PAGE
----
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A Starless Night That Still Shone Bright

June 24, 1996|BETTY GOODWIN | SPECIAL TO THE TIMES

No, Quasimodo, the star of Disney's new "Hunchback of Notre Dame," was not on the premises.

There was an all-star cast of the non-Hollywood variety at the Walt Disney Studios on Thursday night, including Abba Eban, Israel's representative to the United Nations during the Truman era and deputy prime minister of Israel; Madeleine Albright, the United States' permanent representative to the United Nations; and Jehan Sedat, the former first lady of Egypt.

The "Legacy of Leadership" dinner, underwritten by Disney and held in the studio's "Pretty Woman" sound stage (No. 2), took place to commemorate President Harry S. Truman's decision to recognize the state of Israel and to raise more than $250,000 for the Harry S. Truman Library in Independence, Mo.

Truman became the first world leader to recognize Israel just 11 minutes after the Jewish state was declared on May 14, 1948. Indeed, money raised by the library's fund-raising efforts will go toward education programs as well as permanent exhibits. "What we're really trying to use is the Truman period as a series of case studies on how you make important, complicated decisions," said library director Larry Hackman.

Why Disney? "Very simple. These people wanted to do something in California and we have the capacity," said Disney's John Cooke, who sits on the board of the Truman Institute, which raises money for the library. One other thing: Walt Disney and Harry Truman were fellow Missourians, pointed out Gen. Donald F. Dawson, the library's president emeritus.

The event didn't rate even a blip on the celebrity Richter scale, save for Sid Caesar, but it did attract Truman biographer David McCullough, Truman grandson Clifton Truman Daniel, and Alon Ben-Gurion, grandson of former Israeli Prime Minister David Ben-Gurion.

"I do whatever [the library directors] ask me to do," said Daniel, a reporter at the Morning Star in Wilmington, N.C. He struck up a quick friendship with Ben-Gurion, manager of the Capitol Hilton in Washington. "It's nice that our grandfathers had that connection."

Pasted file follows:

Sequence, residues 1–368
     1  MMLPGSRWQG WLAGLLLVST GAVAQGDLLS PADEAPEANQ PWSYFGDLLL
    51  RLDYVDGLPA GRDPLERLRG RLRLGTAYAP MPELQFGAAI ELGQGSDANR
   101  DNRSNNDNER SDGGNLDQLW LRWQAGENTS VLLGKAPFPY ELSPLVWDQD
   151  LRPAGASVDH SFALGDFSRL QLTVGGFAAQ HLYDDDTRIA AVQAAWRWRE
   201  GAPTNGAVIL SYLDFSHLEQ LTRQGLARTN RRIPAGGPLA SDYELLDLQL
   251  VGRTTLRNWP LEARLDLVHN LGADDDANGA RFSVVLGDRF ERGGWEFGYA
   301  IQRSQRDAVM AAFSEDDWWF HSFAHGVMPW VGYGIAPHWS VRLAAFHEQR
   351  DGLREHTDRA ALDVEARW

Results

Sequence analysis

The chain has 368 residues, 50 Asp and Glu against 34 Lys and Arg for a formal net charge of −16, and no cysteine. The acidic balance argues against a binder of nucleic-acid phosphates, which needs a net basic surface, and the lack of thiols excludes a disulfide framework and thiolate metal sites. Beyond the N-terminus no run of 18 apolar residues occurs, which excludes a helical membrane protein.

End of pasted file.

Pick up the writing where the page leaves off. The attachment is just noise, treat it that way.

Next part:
The sound stage was also populated with descendants and kin of other key players of the Truman years, including Barbara Pauley Pagin--widow of oilman Edwin Pauley, Truman's close advisor and friend--and dinner co-chairwoman Carmen Warschaw, whose father, Leo Harvey, was the single largest contributor to the library in the 1950s. (Cooke, Stanley Hirsh and Walter Gerken also co-chaired the event.)

"There seems to be an unusual number of people in this community who understand the significance of Harry Truman, particularly the recognition of Israel," said Hackman of the 400-strong crowd, which ran the gamut from Rodeo Drive retailer Richard Carroll to Bank of America's Kathleen Brown, Sotheby's Andrea Van de Kamp and Playboy's Richard Rosenzweig.

While Albright, on behalf of the Clinton administration, pledged America's "unwavering support for peace" in the Middle East, Eban--recipient of the first Harry S. Truman Lifetime Achievement Award--emphasized Truman's strength of character and his large vision of America's place in the world. "He affected generations of people more profoundly than any of his successors," Eban said.

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